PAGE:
A buttoner would presumably be someone who buttons and a fastener someone who fastens.

4d   Speedy // green sauce including piece of radish (6)

P(R)ESTO — PESTO (green sauce) containing (including) R (piece [initial letter] of Radish)

5d   Ornamental columns // I put in coated with gypsum (10)

P(I)LASTERED — I (†) contained in (put in) PLASTERED (coated with gypsum)

There would appear to be something missing from the clue. "Ornamental columns" are pilasters. Pilastered means furnished with pilasters. Perhaps the clue should have read:
  • 5d   Having ornamental columns // I put in coated with gypsum (10)
6d   Gambling diversion // allowed in course (8)

ROU(LET)TE — LET (allowed) contained in (in) ROUTE (course)

8d   Picnic fare // dish a man chews rudely (3,10)

{HAM SANDWICHES}* — anagram (rudely) of DISH A MAN CHEWS

13d   Liberating plays // reminiscent of W.S. (10)

GILBERTIAN* — anagram (plays) of LIBERATING

Sir W. S. Gilbert (1836–1911) was an English dramatist; full name William Schwenck Gilbert. He is best known as a librettist who collaborated on light operas with the composer Sir Arthur Sullivan. Notable works: HMS Pinafore (1878), The Pirates of Penzance (1879), and The Mikado (1885).

15d   Uniform // definitely covered with fermented honey (8)

MEA(SURE)D — SURE (definitely) contained in (covered with) MEAD (fermented honey)

16d   School's principal interrupting foolishly /and/ senselessly (8)

IN(S)ANELY — S (School's principal [initial letter]) contained in (interrupting) INANELY (foolishly)

18d   Relaxed /with/ a flirt (2,4)

A|T EASE — A (†) + TEASE (flirt)

As a link word, with[11] is used in the sense of characterized by or having ⇒ a person with intelligence and initiative.

20d   Look up to // notice muddy patch (6)

AD|MIRE — AD ([commercial] notice) + MIRE (muddy patch)

This is an instance where one must apply the principle of "lift and separate" (a humorous reference to brassiere ads). The infinitive "to notice" that appears in the surface reading must be lifted and separated into its component parts. The first part (to) is part of the definition, while the second part (notice) is part of the wordplay.

23d   Fights // are exciting, according to audience (4)

ROWS — sounds like (to audience) ROUSE (are exciting)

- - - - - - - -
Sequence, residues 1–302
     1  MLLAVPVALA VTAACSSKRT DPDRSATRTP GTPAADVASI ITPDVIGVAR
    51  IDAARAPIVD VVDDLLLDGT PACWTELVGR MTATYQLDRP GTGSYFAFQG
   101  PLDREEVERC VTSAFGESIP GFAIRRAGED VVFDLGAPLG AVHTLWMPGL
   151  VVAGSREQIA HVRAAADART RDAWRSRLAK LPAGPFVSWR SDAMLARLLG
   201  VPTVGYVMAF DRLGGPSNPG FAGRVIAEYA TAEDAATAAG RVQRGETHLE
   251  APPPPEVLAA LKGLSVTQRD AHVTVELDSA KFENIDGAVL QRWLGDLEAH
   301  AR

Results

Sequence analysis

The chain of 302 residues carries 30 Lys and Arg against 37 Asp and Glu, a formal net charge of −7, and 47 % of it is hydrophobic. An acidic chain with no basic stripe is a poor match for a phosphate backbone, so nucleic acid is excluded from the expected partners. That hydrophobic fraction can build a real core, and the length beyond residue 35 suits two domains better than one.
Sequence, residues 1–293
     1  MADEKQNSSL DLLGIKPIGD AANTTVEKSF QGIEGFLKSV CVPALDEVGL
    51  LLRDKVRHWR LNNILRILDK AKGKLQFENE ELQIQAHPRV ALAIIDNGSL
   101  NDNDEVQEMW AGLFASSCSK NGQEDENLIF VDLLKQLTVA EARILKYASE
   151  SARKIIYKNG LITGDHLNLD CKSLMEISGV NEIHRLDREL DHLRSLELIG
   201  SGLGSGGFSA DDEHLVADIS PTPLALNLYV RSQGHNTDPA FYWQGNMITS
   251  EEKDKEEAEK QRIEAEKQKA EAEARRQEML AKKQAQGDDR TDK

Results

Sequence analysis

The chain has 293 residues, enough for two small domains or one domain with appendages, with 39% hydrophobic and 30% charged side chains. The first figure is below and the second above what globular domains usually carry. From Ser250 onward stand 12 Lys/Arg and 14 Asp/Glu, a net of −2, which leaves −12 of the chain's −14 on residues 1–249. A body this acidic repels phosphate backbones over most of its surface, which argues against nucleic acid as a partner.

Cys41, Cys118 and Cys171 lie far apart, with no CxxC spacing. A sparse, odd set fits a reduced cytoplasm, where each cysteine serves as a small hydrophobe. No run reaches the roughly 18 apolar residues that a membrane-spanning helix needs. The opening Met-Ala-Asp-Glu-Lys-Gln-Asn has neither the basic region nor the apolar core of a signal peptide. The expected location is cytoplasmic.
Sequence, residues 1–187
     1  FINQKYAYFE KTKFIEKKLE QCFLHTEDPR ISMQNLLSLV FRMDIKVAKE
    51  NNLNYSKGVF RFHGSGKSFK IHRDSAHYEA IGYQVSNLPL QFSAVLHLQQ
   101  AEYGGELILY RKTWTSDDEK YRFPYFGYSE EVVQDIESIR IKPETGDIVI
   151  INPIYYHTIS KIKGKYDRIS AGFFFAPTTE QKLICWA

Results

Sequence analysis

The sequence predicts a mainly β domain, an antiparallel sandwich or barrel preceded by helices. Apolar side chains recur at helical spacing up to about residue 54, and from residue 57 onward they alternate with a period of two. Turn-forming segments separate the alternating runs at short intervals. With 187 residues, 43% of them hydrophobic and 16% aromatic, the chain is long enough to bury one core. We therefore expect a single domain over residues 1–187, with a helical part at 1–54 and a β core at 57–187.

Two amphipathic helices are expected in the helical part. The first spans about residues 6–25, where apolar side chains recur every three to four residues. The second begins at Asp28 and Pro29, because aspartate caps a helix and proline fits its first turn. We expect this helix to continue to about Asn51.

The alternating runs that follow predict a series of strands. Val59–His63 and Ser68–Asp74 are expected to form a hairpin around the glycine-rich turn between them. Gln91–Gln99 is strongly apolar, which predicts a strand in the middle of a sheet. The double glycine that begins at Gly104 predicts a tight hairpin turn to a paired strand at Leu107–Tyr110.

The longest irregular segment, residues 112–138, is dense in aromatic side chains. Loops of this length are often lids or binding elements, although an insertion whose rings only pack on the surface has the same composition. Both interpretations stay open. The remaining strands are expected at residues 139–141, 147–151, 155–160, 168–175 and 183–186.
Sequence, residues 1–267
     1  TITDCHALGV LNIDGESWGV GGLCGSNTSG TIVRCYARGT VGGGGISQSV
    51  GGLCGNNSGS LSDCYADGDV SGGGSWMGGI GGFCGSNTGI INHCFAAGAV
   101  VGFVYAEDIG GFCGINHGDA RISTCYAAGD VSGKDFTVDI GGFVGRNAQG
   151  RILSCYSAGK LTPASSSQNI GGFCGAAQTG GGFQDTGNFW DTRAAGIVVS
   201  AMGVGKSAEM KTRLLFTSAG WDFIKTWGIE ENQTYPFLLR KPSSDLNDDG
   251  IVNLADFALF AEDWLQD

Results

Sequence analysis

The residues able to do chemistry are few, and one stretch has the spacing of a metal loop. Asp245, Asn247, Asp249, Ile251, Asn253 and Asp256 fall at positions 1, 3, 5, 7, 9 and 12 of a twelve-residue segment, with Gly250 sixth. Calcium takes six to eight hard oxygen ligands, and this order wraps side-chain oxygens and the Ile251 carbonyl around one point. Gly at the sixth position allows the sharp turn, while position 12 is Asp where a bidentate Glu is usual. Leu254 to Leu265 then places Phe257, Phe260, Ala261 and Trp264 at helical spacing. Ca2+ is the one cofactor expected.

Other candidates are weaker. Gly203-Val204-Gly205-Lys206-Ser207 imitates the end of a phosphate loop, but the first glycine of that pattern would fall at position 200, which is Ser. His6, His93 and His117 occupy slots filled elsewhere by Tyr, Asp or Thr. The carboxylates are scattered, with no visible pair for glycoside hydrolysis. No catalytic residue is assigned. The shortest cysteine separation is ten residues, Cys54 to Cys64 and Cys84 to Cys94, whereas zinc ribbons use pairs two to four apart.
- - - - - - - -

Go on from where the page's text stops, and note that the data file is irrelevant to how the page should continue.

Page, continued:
The title of today's blog was inspired by 8d and 15a.
Key to Reference Sources: 

[1]   - The Chambers Dictionary, 11th Edition
[2]   - Search Chambers - (Chambers 21st Century Dictionary)
[3]   - (American Heritage Dictionary)
[4]   - (Collins English Dictionary)
[5]   - Oxford Dictionaries (Oxford Dictionary of English)
[6]   - Oxford Dictionaries (Oxford American Dictionary)
[7]   - Wikipedia
[8]   - Reverso Online Dictionary (Collins French-English Dictionary)
[9]   - Infoplease (Random House Unabridged Dictionary)
[10] - (Collins English Dictionary)
[11] - (Random House Kernerman Webster's College Dictionary)
Signing off for today — Falcon


  1. Hi Falcon -I too was initially nonplussed by the clues (not to mention the shape of the puzzle which doesn't allow for providing first letters!). But with the help of my trusty internet connection, it wasn't too bad after all.
    One thing though - 23d, I had the same answer, but I didn't think the homophone was that homophonic.

    1. I think the homophone is pretty accurate when "rows" is pronounced as in 'fights' as opposed to 'rows a boat'.

      However, I thought that "rouses" meaning "is exciting" was maybe a bit of a stretch. While a sporting event that "is exciting" certainly "rouses" the spectators, I couldn't think of a compelling example where the two expressions could be substituted one-for-one. "The game is exciting. / The games rouses.". The latter is certainly not something that I would say.

  2. The literary and movie names magically popped up for me, as well. I'm continually amazed at the leaps the human brain can make. So, pretty much a write-in, other than getting stuck on 7a. On seeing the checking letters, bullrush became lodged my mind and refused to go on furlough.

    Re 23d: I agree that rouse seems an awkward synonym for exciting. Not even the same part of speech. Similarly, 5d is an adjective, while ornamental columns is a noun. Don't mean to sound picky. I enjoy Cox & Rathvon puzzles immensely and happy to allow them a few liberties.

    Have a great weekend!

    -- megaculpa, out on the wet coast.

    1. I concluded that "rouses" is intended to be a synonym for "is exciting" which is certainly a better fit than merely "exciting". However, it still seems (as you put it) a bit awkward.

      And you are not the only one who's wet. It's wet here today also.

  3. Hi Falcon,
    I concur with you on 5d - not a perfectly worded clue. Also noticed you have a typo in the solution to 15a (Peirce).
    Thanks again for your regular postings!

    1. MG

      Thank you as always for your thorough proofreading. Typo now fixed.